Uğur Şahin and Özlem Türeci's path to mRNA therapies began in cancer research. The main focus of the two scientists was the development of therapeutic cancer vaccines to activate the patient`s immune system for a precise yet potent attack against their tumour. They started in the 1990s by developing various methods to systematically identify tumor antigens, i.e. those molecular recognition features that distinguish a cancer cell from a normal cell. To develop an ideal cancer vaccine, Uğur Şahin and Özlem Türeci faced three major challenges that were considered insurmountable at the time. First, even quite small tumors consist of billions of cancer cells. To attack such a large number of cancer cells, the vaccine had to be extraordinarily effective and able to generate billions of immune cells. Second, the tumour characteristics that are recognized by the immune system are different for each and every individual patient. Şahin and Türeci recognized that an individualized vaccine technology was needed to tailor vaccines to each patient's antigen profile. Further, such an individualized vaccines had to be produced very quickly so that they could be administered in a timely manner to patients awaiting treatment before the cancer spread further. From their preclinical studies, the two physicians concluded that developing a vaccine with all these properties was possible, in principle, with IVT RNA. Over the next two decades, they achieved a series of scientific and technological breakthroughs to systematically unlock the full potential of this type of molecule for cancer vaccination.
Precision work and entrepreneurial courage
At the end of the 1990s, Şahin and Türeci set about optimising IVT mRNA so that it could, in principle, act as a highly potent vaccine capable of shrinking existing cancer masses, To this aim, they optimized the RNA molecules structurally and, further, developed methods to deliver the mRNA vaccine to the right cells in the human body. In years of research, they solved the basic mRNA-associated problem, namely the low and short-lived protein production, in a different way than Katalin Karikó. Şahin and Türeci optimized each of the structural components of mRNA (cap, the poly-A tail and its untranslated regions) to achieve increased intracellular stability of synthetic mRNA and translation especially in immune cells. The combination of these improved elements dramatically increased antigen yield. With the results of this work (published in 2006 ), they emerged as the winners of the first Go.Bio competition of the Federal Ministry of Education and Research in the same year, which motivated them to found their company BioNTech in 2008, the financial foundation of which was the investment of the Strüngmann brothers' family office.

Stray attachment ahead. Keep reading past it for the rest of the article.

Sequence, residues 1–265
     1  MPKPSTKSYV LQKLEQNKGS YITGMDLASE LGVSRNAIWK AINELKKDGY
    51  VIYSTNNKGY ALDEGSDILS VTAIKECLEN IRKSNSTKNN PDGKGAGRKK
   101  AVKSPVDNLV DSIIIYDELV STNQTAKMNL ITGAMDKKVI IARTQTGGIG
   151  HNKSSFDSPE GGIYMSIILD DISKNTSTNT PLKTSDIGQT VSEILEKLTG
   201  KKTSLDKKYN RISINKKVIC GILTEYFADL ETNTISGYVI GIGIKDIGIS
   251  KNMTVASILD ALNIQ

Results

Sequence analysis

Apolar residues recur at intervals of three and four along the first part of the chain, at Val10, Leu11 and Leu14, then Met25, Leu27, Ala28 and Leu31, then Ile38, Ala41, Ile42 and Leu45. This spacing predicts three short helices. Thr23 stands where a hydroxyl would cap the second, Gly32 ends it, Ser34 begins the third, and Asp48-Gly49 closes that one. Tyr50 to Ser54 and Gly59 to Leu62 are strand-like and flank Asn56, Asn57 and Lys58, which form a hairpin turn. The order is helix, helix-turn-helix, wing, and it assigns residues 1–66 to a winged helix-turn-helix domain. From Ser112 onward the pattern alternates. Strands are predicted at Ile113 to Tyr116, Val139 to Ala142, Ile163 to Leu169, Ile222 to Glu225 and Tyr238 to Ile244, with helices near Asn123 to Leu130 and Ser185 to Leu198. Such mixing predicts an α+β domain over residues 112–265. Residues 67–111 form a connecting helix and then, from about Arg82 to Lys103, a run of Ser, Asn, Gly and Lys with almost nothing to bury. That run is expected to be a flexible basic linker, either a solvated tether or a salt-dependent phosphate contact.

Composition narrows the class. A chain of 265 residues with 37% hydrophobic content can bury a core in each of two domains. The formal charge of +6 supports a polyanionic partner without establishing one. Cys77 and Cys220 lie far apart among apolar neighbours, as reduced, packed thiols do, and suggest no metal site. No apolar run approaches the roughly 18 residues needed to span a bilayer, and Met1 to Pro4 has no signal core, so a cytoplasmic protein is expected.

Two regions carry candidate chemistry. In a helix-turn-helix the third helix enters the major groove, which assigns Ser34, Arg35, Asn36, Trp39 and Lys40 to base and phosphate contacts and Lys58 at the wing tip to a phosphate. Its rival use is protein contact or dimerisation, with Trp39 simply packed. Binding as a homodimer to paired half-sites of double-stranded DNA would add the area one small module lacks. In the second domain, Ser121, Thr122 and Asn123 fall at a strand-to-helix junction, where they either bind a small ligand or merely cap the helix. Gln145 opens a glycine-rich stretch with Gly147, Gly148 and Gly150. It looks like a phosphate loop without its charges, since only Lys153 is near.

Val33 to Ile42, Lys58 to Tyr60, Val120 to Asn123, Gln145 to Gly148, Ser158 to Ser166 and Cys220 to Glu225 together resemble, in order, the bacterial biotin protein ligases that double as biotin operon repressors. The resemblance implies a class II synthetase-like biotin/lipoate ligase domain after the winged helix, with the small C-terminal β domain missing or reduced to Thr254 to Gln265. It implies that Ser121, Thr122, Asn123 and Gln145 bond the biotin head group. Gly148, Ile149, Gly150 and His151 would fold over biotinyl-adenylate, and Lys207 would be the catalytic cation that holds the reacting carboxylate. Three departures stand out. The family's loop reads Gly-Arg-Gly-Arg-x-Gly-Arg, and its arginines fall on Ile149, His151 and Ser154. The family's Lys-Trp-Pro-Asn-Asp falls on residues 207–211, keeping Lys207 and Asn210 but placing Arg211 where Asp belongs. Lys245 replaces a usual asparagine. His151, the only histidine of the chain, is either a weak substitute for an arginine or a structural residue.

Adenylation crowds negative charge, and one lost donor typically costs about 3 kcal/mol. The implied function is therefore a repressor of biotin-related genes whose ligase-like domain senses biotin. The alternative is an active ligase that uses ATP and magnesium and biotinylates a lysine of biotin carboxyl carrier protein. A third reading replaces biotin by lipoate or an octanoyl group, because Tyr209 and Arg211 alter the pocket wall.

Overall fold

In the years to follow, they further improved vaccine efficacy by developing strategies to deliver mRNA into dendritic cells (DCs), specifically those DCs located in lymphoid tissues. This particular DC species are the "high-performance trainers" of the immune system. Uğur Şahin and Özlem Türeci discovered the mechanism of selective mRNA uptake into these DCs and, with their team, developed a lipid nanoparticle formulation that exploited this mechanism to target RNA into these cells . For these studies, they used immunogenic RNA, which, in addition to instructing the synthesis of vaccine antigens, also contributes the pro-inflammatory adjuvant effect desired for any vaccine; as a result, it further enhances the immune response triggered by the mRNA. This simultaneously allowed large numbers of dendritic cells to be targeted to generate a correspondingly large number of immune cells that precisely recognized only the cancer cells. These breakthrough improvements formed the basis for the successful use of mRNA for various human applications. The principle of targeting DCs in lymphoid tissues was later used by the two physicians in the development of the COVID-19 vaccine.